A Language for Opponent Modeling in Repeated Games

Yakov Gal, Avi Pfeffer

Research output: Chapter in Book/Report/Conference proceedingConference contribution

Abstract / Description of output

Traditional game-theoretic formalisms, commonly used in multi-agent systems, invoke the assumption of common knowledge of rationality to justify a Nash equilibrium solution. It is assumed that all agents know a correct model of the game and are completely rational, and that this is common knowledge. However, real-life agents are partially irrational, they may use models other than the real world to make decisions, and they may be uncertain about their opponents’ decision making processes. For modeling boundedly-rational agents, a descriptive approach to game theory is needed, in which agents model their opponents and attempt to predict their behavior using their model. We present Networks of Influence Diagrams (NIDs), a language for descriptive decision and game theory that is based on graphical models. This paper describes NIDs and their syntax, and provides algorithms for solving NIDs and learning NID parameters. We also show that NIDs provide an elegant framework for opponent modeling that is more expressive than current approaches, leads to a better outcome than the Nash equilibrium strategy and is able to capture non-stationary distributions of opponents.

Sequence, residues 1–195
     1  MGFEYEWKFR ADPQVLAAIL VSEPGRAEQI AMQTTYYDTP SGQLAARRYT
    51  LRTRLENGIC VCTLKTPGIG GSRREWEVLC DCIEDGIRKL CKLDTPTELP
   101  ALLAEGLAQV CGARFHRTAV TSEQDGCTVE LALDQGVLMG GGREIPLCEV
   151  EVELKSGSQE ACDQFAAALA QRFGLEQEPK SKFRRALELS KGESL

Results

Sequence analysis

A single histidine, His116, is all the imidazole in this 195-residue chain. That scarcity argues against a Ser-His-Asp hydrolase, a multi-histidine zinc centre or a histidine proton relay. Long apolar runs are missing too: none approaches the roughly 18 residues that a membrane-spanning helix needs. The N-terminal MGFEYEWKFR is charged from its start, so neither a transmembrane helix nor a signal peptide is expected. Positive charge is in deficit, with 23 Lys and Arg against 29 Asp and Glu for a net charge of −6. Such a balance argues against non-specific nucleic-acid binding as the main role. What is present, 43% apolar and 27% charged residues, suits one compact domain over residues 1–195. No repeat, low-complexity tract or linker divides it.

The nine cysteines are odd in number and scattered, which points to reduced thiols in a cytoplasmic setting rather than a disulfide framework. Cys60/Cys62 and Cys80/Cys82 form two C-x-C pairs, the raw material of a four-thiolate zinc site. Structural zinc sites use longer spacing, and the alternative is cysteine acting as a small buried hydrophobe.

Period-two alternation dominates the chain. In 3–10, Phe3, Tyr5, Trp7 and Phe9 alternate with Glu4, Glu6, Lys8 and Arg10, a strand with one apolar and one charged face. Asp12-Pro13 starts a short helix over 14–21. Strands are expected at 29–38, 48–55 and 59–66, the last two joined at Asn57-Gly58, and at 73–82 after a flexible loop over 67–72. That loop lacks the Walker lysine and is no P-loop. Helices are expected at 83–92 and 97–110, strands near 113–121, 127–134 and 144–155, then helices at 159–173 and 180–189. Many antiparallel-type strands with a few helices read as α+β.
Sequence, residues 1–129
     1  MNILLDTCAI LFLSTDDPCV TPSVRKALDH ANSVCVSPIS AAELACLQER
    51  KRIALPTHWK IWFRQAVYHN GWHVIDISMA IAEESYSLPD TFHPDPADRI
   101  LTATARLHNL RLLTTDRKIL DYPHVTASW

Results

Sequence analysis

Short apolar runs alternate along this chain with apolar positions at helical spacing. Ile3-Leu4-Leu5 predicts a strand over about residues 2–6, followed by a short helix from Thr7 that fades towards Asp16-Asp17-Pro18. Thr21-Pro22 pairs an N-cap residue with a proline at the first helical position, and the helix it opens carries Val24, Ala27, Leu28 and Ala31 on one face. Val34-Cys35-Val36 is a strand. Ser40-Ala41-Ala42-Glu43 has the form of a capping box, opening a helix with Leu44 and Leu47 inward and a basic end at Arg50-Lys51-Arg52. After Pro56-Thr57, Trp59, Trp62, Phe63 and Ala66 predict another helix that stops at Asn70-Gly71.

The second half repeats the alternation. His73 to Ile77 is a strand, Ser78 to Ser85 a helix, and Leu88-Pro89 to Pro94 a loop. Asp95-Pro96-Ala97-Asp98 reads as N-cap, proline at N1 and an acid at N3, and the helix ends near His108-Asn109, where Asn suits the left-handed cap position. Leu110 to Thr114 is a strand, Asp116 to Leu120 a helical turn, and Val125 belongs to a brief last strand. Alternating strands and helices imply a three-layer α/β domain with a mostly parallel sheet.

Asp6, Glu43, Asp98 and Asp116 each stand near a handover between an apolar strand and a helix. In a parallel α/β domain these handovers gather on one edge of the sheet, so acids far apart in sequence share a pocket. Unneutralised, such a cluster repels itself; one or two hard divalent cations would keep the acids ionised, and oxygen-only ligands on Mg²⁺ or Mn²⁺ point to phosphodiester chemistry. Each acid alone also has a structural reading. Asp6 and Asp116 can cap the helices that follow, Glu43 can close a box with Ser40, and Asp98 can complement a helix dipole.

Original languageEnglish
Title of host publicationWorkshop on Game Theory and Decision Theory, AAMAS 2003
Number of pages8
Publication statusPublished - 2003
EventSecond international joint conference on Autonomous agents and multiagent systems - Melbourne, Australia
Duration: 14 Jul 200318 Jul 2003


ConferenceSecond international joint conference on Autonomous agents and multiagent systems
Abbreviated titleAAMAS '03


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